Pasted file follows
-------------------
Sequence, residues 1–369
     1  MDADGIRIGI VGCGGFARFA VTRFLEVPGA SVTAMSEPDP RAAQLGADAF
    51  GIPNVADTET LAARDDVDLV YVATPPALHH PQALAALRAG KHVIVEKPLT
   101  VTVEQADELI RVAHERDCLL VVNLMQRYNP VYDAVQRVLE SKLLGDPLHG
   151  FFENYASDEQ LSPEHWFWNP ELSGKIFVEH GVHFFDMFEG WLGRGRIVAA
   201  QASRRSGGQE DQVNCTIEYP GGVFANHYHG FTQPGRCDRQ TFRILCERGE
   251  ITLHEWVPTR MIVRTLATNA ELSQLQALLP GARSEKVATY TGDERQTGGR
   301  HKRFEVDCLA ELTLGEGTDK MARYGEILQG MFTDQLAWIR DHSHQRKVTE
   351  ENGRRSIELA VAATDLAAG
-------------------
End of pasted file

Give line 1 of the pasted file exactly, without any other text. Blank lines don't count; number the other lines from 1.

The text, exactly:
Sequence, residues 1–369